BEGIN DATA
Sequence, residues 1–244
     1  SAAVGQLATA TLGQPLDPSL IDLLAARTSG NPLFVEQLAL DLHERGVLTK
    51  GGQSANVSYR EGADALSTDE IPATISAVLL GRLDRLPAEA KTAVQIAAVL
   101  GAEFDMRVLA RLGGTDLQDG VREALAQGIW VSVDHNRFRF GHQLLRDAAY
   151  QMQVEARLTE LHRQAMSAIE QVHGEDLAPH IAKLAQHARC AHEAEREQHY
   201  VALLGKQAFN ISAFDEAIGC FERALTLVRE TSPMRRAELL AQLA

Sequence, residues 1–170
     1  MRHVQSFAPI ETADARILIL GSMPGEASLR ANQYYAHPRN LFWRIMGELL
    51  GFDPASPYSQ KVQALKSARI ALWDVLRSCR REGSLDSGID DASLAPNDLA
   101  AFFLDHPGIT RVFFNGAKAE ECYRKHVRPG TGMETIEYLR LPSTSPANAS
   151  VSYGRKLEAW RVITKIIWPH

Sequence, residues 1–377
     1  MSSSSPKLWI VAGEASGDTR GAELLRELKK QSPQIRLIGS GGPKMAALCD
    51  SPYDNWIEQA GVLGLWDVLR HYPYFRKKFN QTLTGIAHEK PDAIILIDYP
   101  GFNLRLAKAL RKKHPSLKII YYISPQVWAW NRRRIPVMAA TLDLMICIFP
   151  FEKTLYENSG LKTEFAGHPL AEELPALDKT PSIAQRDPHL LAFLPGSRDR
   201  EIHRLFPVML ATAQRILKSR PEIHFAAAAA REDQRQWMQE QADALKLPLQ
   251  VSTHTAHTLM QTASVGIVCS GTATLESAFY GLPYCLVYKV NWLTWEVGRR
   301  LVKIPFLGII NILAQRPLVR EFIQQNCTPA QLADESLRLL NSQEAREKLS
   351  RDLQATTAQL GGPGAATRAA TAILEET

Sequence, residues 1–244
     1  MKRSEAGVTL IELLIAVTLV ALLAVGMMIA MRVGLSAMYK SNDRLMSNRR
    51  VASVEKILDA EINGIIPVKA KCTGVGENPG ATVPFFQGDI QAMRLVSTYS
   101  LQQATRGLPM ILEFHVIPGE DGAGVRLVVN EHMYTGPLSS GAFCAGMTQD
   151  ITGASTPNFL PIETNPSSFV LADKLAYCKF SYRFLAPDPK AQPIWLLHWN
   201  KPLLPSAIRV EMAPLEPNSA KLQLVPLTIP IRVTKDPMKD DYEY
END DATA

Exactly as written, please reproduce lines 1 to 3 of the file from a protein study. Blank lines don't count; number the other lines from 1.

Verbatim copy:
Sequence, residues 1–244
     1  SAAVGQLATA TLGQPLDPSL IDLLAARTSG NPLFVEQLAL DLHERGVLTK
    51  GGQSANVSYR EGADALSTDE IPATISAVLL GRLDRLPAEA KTAVQIAAVL